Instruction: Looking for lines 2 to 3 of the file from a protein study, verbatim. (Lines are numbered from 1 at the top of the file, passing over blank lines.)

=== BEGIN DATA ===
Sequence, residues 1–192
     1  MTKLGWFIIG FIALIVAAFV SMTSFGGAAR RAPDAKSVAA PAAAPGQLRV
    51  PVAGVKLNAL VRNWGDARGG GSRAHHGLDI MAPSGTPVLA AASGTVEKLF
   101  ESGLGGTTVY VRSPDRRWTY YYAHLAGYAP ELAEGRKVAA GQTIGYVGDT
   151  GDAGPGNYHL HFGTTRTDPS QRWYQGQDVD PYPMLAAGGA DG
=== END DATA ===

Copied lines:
     1  MTKLGWFIIG FIALIVAAFV SMTSFGGAAR RAPDAKSVAA PAAAPGQLRV
    51  PVAGVKLNAL VRNWGDARGG GSRAHHGLDI MAPSGTPVLA AASGTVEKLF